Why are there so few female characters in The Wind in the Willows?
The Wind in the Willows is an acclaimed children's book by Kenneth Grahame, published in 1908. Like many books written around the turn of the century, it is very much a product of its time.
At its core, Willows is an adventure story, told about brave heroes and cowardly villains. The stories were originally told by Grahame to his four-year-old son, and so reflect the sorts of things a male child of that age enjoys; car chases, capsized boats, last-minute rescues, and the heroes always triumph and return to their homes. The most important female role in the book is not even a female character, but a disguise that several characters use to get in and out of sticky situations. There is a barge-woman of indeterminate species, but she exists solely to throw Toad into the river when she discovers his uselessness. Moreover, the jailer's daughter, in her empathy for Toad's plight is the one to organize Toad's escape from jail, but her altruism is equaled later by the railroad conductor.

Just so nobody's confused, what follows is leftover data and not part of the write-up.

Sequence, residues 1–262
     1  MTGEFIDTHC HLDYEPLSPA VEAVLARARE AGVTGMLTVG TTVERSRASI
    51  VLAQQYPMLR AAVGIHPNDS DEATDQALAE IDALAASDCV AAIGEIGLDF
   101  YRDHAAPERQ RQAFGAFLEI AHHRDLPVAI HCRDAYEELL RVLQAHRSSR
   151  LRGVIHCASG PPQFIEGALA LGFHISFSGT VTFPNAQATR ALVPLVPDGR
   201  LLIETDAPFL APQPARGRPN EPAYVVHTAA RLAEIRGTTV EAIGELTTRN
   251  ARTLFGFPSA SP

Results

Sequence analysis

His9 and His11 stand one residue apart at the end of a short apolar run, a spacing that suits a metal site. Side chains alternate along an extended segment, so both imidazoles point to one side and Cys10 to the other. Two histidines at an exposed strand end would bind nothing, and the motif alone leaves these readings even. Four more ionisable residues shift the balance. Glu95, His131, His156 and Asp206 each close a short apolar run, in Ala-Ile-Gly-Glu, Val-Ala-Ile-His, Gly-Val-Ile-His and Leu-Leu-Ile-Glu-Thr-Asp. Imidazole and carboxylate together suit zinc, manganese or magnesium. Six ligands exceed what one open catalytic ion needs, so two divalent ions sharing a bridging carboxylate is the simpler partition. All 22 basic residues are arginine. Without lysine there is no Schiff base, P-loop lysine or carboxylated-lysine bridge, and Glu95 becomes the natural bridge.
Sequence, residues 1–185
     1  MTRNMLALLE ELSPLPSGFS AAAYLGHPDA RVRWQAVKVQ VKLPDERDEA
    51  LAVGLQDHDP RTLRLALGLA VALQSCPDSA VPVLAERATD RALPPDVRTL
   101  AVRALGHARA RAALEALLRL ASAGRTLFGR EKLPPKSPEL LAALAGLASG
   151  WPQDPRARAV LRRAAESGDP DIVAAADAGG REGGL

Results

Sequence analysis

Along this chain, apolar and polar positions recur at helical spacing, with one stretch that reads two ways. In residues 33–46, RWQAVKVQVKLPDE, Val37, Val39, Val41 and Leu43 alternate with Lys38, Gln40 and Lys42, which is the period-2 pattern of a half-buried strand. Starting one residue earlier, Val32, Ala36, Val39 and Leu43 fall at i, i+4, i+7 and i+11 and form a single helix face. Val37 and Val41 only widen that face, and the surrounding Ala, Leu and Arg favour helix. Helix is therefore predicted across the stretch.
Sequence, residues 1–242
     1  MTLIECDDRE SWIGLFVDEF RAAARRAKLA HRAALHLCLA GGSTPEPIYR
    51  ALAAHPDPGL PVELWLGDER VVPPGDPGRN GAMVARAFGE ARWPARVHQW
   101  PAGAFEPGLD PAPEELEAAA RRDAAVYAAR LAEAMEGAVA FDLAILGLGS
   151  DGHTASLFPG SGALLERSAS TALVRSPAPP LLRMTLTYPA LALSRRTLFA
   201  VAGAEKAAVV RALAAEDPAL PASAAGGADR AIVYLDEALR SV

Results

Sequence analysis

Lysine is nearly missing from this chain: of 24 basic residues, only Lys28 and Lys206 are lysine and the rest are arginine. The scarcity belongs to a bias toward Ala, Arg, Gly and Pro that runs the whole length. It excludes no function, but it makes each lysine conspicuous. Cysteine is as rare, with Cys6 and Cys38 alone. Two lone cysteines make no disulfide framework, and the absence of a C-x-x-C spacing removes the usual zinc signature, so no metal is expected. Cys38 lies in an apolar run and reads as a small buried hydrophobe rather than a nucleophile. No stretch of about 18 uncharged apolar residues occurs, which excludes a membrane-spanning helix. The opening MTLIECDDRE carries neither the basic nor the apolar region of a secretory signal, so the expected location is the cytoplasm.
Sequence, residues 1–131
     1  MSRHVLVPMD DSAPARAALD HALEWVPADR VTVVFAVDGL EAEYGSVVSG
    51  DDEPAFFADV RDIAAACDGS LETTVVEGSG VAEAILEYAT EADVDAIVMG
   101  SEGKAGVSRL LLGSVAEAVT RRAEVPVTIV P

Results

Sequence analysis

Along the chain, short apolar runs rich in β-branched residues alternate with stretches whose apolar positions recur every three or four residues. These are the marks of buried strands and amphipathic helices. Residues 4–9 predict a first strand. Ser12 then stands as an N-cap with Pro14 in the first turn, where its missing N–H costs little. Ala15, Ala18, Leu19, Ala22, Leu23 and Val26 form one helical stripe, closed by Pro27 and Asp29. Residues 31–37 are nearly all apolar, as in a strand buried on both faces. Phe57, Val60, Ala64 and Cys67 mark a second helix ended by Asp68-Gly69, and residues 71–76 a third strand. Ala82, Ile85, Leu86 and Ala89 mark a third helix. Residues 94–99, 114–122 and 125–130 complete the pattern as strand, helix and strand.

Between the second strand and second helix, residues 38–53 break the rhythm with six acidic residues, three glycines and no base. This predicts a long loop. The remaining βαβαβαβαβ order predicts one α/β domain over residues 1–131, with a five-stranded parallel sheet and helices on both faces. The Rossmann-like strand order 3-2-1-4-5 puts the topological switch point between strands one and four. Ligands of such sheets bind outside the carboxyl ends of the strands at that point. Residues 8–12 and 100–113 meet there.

At the time of publication, Woman's Liberation organizations around the world were taking root. The accepted roles of women in society were being redefined, and Grahame's marriage was a troubled one; it is possible that by not including females in the story, Grahame was unconsciously remarking on a world where women didn't live at home and do the washing, but didn't exist at all and so caused no strife. Again, this attitude towards women is typical of the era, and should not necessarily be interpreted as it would be today.